Aergo Capital, a Dublin-based lessor, is shopping for 20-30 Boeing 737 Next Generation aircraft. “We’re going to be stepping into the Next Generation market,” John Sawyer, the company’s chief trading officer, tells Aviation Week. “I don’t want to be king of the Classics,” adds Sawyer, whose company has Boeing 737-300, -400s and -500s in its fleet. “If the numbers are right, we’re definitely ready to make a move.”

Aergo’s current fleet of more than 40 aircraft also includes Avro RJ85 regional jets, MD-83s and Boeing 737-200s. Its interest in the NGs is two-fold: The company would lease them for passenger services first, perhaps under five-year or six-year terms, after which the timing might be right to convert them to freighters, Sawyer says.

Aergo currently is embarking on a program, in partnership with Tampa, Fla.-based Pemco World Air Services, to convert as many as 20 737s to freighters, including six-400s and perhaps four -300s currently in its fleet. Conversions are just beginning on the first three 737-400s, which will be delivered to Colt Aviation in Sao Paulo. Sawyer says the company plans to finalize deals for two more conversions by the end of this month.

The Aergo-Pemco deal originally focused on 737-400s. But Sawyer says airlines are expressing a lot of interest in the -300s because of their cost and generally younger age, so Aergo is on the hunt for more of them as well.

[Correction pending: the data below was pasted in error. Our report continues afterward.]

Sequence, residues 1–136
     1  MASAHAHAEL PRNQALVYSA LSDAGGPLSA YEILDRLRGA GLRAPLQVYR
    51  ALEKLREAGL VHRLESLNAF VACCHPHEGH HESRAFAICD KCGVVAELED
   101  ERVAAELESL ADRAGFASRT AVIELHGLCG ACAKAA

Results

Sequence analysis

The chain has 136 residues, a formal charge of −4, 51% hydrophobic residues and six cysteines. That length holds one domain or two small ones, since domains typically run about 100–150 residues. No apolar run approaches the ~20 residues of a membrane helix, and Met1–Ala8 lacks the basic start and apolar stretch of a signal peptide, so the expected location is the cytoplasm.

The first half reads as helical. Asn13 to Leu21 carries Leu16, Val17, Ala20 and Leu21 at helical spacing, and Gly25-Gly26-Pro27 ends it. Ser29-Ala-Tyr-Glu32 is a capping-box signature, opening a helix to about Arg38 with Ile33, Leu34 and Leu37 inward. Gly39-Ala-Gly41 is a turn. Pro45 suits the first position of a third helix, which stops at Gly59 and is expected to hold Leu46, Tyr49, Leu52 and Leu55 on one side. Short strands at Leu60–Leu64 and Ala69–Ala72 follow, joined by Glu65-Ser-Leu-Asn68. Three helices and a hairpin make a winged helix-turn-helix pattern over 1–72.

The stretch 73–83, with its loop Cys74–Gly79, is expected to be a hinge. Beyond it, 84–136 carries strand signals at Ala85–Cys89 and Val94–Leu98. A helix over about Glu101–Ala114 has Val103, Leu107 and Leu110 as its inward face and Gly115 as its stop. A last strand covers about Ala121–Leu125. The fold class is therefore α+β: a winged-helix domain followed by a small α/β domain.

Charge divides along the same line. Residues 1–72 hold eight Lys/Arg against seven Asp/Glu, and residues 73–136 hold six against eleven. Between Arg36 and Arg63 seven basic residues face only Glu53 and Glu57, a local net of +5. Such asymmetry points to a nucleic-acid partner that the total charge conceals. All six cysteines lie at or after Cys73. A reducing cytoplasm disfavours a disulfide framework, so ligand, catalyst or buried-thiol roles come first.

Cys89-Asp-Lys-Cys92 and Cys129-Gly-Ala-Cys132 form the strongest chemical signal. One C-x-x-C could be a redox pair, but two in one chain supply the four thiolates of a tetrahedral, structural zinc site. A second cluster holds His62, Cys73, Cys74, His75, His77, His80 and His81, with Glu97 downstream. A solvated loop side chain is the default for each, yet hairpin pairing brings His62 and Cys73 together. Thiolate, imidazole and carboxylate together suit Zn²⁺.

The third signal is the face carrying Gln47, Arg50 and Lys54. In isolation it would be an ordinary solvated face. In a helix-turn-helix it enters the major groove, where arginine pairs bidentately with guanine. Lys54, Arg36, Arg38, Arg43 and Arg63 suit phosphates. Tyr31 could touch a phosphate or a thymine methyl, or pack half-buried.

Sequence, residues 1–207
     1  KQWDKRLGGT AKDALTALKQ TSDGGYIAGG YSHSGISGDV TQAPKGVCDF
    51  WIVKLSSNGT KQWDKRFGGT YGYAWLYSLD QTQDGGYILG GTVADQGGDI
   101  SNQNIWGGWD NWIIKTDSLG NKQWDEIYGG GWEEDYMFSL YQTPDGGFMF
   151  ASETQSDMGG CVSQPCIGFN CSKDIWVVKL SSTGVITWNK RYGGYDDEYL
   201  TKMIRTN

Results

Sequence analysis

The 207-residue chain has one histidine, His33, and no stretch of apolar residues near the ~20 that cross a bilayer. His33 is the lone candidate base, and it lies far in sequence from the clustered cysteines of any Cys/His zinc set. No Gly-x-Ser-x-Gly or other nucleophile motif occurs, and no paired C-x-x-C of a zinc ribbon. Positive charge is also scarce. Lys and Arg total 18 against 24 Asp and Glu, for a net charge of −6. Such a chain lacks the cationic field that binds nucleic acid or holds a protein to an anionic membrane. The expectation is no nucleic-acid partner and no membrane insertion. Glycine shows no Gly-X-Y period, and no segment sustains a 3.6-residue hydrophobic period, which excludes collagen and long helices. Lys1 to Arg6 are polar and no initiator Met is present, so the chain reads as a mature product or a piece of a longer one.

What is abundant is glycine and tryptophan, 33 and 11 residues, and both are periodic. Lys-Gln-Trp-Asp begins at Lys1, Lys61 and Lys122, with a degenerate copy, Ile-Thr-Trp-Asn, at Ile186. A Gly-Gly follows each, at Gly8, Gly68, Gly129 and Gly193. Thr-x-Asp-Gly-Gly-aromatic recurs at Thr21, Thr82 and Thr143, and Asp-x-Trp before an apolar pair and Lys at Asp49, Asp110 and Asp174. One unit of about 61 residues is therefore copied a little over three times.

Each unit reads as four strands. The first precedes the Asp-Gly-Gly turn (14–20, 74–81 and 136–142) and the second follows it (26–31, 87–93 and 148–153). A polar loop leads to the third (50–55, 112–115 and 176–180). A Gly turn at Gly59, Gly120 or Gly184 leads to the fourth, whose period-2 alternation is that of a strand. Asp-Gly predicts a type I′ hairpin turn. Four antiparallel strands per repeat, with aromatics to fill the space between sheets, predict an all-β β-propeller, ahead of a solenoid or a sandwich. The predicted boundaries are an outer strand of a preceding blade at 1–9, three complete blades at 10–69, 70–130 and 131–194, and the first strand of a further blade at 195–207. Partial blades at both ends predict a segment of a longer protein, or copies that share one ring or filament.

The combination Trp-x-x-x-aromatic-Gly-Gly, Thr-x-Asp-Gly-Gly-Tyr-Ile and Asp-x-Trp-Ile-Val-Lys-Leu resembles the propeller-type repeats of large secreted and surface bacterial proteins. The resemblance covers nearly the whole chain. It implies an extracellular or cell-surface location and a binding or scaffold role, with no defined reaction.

The lessor, however, also hopes to work with Pemco on a conversion program for the 737-700s and -800s, which it sees as the future for narrowbody conversions. “That was the whole reason we entered this market,” Sawyer says.

Aeronautical Engineers (AEI), an aircraft conversion specialist, also sees the NGs as the future of narrowbody freighter conversion—but, like Aergo, believes that the aircraft’s time is years away while Boeing decides what it wants to do. Robert Convey, AEI’s VP-sales and marketing, notes that the timing is tricky because Boeing is cautious about starting conversions on an aircraft that is still in production.

For most aircraft, conversions start at least four years after production has ceased, Convey says. But the market is really pushing for the 737NG conversions because of the economics of the aircraft, its avionics and the ability to carry a larger load than the 737-400.

The 737NG is more expensive, but some of the airlines asking for conversions already own the aircraft, he says.